Did you know Dropbox started because its founder was tired of forgetting his flash drive at home? So many small businesses start with someone fixing a problem for themselves, then realizing they could get paid to fix it for other people.
My web presence consulting firm is one of these user innovation-driven businesses. I became the sort of specialist I wished I could call upon when I was an employee muddling through web design, development, and marketing on top of my formal responsibilities at a nonprofit.
Now that I know what I do, I know how much money can be saved by having someone step in and set things up right from the beginning. Too many software migrations happen (often at the last minute) because the solution your vendor promised would solve every problem ended up creating more new problems than it solved. I don’t focus on selling what I build – I focus on solving your problems. It turns out there’s good money in that!
I’m used to working on tight budgets.
I developed my expertise working for nonprofits where high administrative costs equate to having less resources to devote to fulfilling your mission statement. I’ve spent years finding the balance between finding affordable alternatives and knowing when the “name brand” will save you enough time and money in the long run to be worth it. Weighing several options and defending my choice to decision-makers is second nature at this point.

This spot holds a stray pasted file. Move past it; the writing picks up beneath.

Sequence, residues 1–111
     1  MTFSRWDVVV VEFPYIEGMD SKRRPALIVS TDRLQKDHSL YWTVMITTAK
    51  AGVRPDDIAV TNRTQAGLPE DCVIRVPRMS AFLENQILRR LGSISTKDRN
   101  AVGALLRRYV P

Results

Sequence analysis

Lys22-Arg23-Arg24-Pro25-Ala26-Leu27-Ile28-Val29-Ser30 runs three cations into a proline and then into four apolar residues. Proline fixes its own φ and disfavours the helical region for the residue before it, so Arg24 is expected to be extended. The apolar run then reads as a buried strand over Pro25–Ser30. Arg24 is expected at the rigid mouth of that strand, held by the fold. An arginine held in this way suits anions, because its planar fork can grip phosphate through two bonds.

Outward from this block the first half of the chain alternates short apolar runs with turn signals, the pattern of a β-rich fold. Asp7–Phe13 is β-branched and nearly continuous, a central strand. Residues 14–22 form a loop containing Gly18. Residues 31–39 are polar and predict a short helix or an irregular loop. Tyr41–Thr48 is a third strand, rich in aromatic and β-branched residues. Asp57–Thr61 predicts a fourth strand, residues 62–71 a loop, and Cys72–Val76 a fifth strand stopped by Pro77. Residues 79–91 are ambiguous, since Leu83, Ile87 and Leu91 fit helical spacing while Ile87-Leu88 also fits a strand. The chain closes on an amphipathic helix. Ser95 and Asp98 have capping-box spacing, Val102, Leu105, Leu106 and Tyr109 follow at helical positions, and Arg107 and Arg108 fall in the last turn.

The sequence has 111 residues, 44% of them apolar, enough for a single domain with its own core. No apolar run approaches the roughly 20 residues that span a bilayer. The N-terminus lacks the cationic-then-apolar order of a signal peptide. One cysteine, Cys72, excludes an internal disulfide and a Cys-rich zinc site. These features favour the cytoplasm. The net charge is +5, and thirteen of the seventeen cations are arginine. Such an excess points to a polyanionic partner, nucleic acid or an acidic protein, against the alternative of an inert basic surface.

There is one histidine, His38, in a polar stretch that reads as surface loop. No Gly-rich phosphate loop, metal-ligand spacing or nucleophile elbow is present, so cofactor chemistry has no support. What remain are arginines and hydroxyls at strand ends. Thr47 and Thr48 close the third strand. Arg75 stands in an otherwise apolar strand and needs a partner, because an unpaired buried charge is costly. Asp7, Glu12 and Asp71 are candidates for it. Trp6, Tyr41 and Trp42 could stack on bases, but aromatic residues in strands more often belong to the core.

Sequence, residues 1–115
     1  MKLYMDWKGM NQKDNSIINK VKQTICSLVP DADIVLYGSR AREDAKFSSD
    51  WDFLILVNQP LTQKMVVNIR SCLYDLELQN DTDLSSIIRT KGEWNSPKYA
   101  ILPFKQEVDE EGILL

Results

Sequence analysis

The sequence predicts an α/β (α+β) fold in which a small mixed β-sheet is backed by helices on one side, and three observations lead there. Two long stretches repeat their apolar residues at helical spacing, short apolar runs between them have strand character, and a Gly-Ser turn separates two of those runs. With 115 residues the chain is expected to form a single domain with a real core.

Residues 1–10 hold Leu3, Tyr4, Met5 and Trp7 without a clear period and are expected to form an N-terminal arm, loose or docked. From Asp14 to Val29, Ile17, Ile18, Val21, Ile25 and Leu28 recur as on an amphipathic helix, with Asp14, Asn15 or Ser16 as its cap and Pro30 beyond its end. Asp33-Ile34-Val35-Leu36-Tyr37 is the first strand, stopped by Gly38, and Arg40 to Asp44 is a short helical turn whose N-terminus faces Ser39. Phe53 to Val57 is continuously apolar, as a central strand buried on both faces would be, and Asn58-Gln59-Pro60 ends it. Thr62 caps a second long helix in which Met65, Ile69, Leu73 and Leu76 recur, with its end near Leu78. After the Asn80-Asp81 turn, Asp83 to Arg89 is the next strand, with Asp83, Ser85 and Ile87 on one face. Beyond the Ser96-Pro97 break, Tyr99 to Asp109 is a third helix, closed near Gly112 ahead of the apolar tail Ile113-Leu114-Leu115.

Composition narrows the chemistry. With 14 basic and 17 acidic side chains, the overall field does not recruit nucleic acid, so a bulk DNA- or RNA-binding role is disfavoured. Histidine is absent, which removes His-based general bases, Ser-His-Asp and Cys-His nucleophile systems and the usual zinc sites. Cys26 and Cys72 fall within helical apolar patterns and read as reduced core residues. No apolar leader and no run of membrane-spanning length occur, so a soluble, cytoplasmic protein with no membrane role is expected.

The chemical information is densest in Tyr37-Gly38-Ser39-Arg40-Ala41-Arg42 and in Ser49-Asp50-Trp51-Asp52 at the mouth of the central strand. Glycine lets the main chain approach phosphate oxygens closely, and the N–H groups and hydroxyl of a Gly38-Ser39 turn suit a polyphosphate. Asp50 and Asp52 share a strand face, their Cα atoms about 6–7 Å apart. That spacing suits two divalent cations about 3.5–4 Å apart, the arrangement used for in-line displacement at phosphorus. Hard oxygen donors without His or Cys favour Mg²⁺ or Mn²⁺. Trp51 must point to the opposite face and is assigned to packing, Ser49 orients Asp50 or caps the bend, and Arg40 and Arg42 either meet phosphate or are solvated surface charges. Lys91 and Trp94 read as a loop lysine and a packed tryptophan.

Expertise Without Employment
The average web developer salary is about $58,000 a year. If you want to employ someone who knows what they’re doing and will stick around for more than 1-2 years, you should expect to offer around that much.
Some businesses really do need web development as one of their core competencies, and I’m probably not the best fit for them. I think it’s more likely that your business is one that just needs a website that’s easy to use for both potential customers and your staff, and a digital marketing strategy to connect it with your social media presence.